Once-thriving industry now in poor shape.
By Hejratullah Ekhtiyar - Afghanistan
ARR Issue 422,
25 Jan 12
The southeastern Afghan province of Nangarhar was once home to thousands of hectares of olive groves, but residents say water and electricity shortages, combined with land-grabs and war, have left the industry devastated.
State-run farms here once produced 8,000 tons of olives in a season, but in the decade since the fall of the Taleban, labourers have harvested a total of just 1,400 tons. Last year, the harvest was little over half a ton.
The olive industry grew up around the 1960s Nangarhar Canal, which was intended as a huge income generator for eastern Afghanistan. In its heyday, the 70-kilometres waterway provided the irrigation that enabled local producers to export their olives and fruit.
Today, however, officials say the canal system and the surrounding agriculture have been undermined by the dilapidated state of the Darunta hydroelectric dam, built in 1964 on the Kabul river.
The canal needs electricity to pump water along it, and its managers say they get far less than the amount they are supposed to get – 65 per cent of the power generated by the dam.
“Believe me, we hardly get five hours of electricity a week,” said Ziyarat-Gul Rahel, director of the Nangarhar Canal Project.
Mohammad Shoja, deputy director of Nangarhar’s energy department, said the reason the Darunta power station could not supply enough electricity to the canal was that there was not enough water dammed up to keep it fully operational. Only one of the dam’s three turbines was currently working, he said.
“We’re faced with a lack of water,” he said. “The problem is that the canal department is asking for both water and electricity at the same time – and we can’t satisfy both demands simultaneously.”
The United States Agency for International Development said last year that it was refurbishing and modernising the dam, where the turbine-driven generators were in poor condition and at risk of failing. It said it planned to finish the repair work by mid-2012.
But as Hezatullah, head of the Nangarhar Olive Factory, pointed out, the industry has declined not just because of water shortages, but also as a result of years of war and poor maintenance of farms.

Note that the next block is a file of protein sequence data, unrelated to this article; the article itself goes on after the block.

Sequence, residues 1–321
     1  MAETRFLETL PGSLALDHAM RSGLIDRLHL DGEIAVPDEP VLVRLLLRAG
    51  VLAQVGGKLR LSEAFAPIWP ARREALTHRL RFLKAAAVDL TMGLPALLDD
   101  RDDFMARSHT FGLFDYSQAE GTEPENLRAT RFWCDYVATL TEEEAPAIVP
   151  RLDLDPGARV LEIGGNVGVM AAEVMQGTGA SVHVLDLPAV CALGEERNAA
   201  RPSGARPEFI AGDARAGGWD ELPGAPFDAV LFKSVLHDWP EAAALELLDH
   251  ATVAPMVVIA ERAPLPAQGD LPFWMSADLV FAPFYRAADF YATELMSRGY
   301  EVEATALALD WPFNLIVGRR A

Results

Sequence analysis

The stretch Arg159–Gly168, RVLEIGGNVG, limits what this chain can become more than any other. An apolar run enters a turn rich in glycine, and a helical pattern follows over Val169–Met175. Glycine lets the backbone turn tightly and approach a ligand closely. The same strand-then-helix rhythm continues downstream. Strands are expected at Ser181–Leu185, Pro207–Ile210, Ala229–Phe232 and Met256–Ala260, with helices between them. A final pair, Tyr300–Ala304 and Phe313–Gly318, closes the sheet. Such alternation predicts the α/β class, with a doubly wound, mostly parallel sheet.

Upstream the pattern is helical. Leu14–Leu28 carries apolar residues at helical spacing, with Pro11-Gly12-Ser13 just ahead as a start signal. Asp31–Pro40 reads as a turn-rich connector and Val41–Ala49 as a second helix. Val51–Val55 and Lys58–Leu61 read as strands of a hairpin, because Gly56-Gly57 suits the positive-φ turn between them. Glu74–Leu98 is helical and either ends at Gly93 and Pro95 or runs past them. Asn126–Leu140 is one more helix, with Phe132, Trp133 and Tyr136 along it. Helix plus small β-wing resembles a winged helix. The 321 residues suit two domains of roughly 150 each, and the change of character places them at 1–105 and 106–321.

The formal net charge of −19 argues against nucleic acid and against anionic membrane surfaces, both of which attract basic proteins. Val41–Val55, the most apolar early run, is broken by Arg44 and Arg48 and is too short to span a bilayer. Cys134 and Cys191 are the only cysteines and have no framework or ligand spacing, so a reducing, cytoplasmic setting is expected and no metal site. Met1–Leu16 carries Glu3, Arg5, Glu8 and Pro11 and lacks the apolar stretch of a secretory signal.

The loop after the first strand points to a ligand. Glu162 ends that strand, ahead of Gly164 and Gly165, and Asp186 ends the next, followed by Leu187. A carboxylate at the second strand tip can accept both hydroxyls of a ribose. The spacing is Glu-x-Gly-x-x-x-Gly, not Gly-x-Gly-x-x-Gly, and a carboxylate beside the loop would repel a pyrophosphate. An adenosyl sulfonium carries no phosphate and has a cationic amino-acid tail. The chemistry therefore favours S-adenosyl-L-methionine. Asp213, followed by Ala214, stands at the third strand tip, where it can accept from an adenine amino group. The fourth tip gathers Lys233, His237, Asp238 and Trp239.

There used to be 700,000 olive trees in the province, which borders on Pakistan, but three-quarters of theme were destroyed by decades of war starting with the Soviet invasion of 1979, he said. The farms once employed 12,000 workers, but now ran on a skeleton staff of 800.
“There isn’t enough water to irrigate the olive trees, nor are there enough people to maintain the farms – not to mention a host of other problems,” Hezatollah said. “The canal was a significant undertaking for this eastern region, so the government should revive this now dilapidated project.”
One major obstacle to recovery is that state-owned farmlands have been seized and the trees chopped down.
Rahel said that of the 14,000 hectares once held by the Nangarhar Canal Project, only 1,100 hectares remained. “The rest has been taken illegally,” he said.
Local resident Naqib Ahmad recalled his father working on the olive farms, but he said that after the Taleban government was ousted in 2001, opportunists rushed in to grab government-owned land and cut down the olive trees.
As a result, Nangarhar residents find it harder and harder to buy locally-pressed olive oil.
Mohibullah said he went shopping for olive oil to treat pains in his grandfather’s feet, but was only able to find inferior Iranian and Pakistani products at the local markets. He went to the olive factory, but was turned away at the gates.
“The staff there are just standing around in the sun,” he complained. “The plant hasn’t functioned for several years; its an olive factory in name only.”
Faced with such customers, local shopkeeper Ziaurrahman Arab said that he sometimes lies and tells people the products they are buying are not foreign but Afghan.
Hejratullah Ekhtiyar is an IWPR-trained reporter in Nangarhar.